“These women have proven to be real trailblazers in the world of women in sports and we are proud to honor them this year,” said Laura Gentile, senior vice president, espnW & Women’s Initiatives. “It’s not every day that people selflessly dedicate their time to a cause such as this and we would like to thank them for helping advance this initiative.”
To qualify for a Toyota Everyday Heroes grant, a person and/or organization must:
- Have been operating as an active, sports-related organization for at least three years;
- Are currently creating sports opportunities for girls and women in their local communities, and making a meaningful, inspiring impact with quantifiable results;
honorees were Darlene Hunter (Founder, Lady Mavericks Wheelchair Basketball), Fartun Osman (Founder, Somali Girls Rock) and Mira Manickam (Founder, Brown Girl Surf). In 2016
, the honorees were Courtney Payne Taylor (Founder, Girls Riders Organization), Tracy Pointer (Founder, GROW/GROW Girl) and Beth Devine (Founder, Philly Girls in Motion). In 2015
, espnW and Toyota honored Chrissy Lewis-Summers, founder of Beyond Sticks, and Heidi Boynton, founder of Mini Mermaid Running Club. The 2014 honorees
were Dr. Kimberley S. Clay, Monica Gonzalez and Claire Smallwood. In 2013, espnW and Toyota recognized
Barb Lazarus, Justine Siegal and Mobolaji Akidoe as the inaugural recipients.
espnW is a global multiplatform brand dedicated to engaging and inspiring women through sports. espnW.com, the brand’s content home, offers total access to female athletes and the sports they play, takes fans inside the biggest events, and captures the biggest trends in sports life/style. espnW also provides a unique point of view on the sports stories that matter most to women and highlights the crossroads of sports and culture. Founded in July 2010, espnW’s content and voices live across digital, television, radio, films, events, educational platforms and social media. The annual espnW: Women + Sports Summit brings together top athletes and industry leaders for meaningful conversations around women and sports, and is the leading event of its kind in the sports industry.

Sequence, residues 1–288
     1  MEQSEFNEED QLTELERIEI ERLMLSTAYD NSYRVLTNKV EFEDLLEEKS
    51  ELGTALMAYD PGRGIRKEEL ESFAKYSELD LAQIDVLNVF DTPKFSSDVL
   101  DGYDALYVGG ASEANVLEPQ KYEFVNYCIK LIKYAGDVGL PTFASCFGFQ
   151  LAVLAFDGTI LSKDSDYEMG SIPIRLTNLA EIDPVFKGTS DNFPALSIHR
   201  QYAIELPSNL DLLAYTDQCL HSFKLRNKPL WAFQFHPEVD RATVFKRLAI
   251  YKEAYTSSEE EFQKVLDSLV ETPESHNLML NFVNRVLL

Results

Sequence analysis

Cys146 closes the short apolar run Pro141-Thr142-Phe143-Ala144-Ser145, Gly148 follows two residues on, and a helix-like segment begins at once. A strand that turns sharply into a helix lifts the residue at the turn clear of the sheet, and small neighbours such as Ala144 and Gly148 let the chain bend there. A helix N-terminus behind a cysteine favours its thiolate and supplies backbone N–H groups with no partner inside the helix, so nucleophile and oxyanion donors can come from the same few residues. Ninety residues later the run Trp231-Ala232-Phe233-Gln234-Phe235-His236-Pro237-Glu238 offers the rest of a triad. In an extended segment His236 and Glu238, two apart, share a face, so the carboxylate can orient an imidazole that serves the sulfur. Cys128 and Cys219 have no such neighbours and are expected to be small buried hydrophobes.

Toyota (NYSE:TM) has been a part of the cultural fabric in the U.S. and North America for 60 years, and is committed to advancing sustainable, next-generation mobility through our Toyota and Lexus brands. During that time, Toyota has created a tremendous value chain as our teams have contributed to world-class design, engineering, and assembly of more than 36 million cars and trucks in North America, where we operate 14 manufacturing plants (10 in the U.S.) and directly employ more than 47,000 people (more than 37,000 in the U.S.). Our 1,800 North American dealerships (nearly 1,500 in the U.S.) sold more than 2.7 million cars and trucks (2.4 million in the U.S.) in 2017 – and about 87 percent of all Toyota vehicles sold over the past 15 years are still on the road today.
Through the Start Your Impossible campaign, Toyota highlights the way it partners with community, civic, academic and governmental organizations to address our society’s most pressing mobility challenges. We believe that when people are free to move, anything is possible. For more information about Toyota, visit www.toyotanewsroom.com.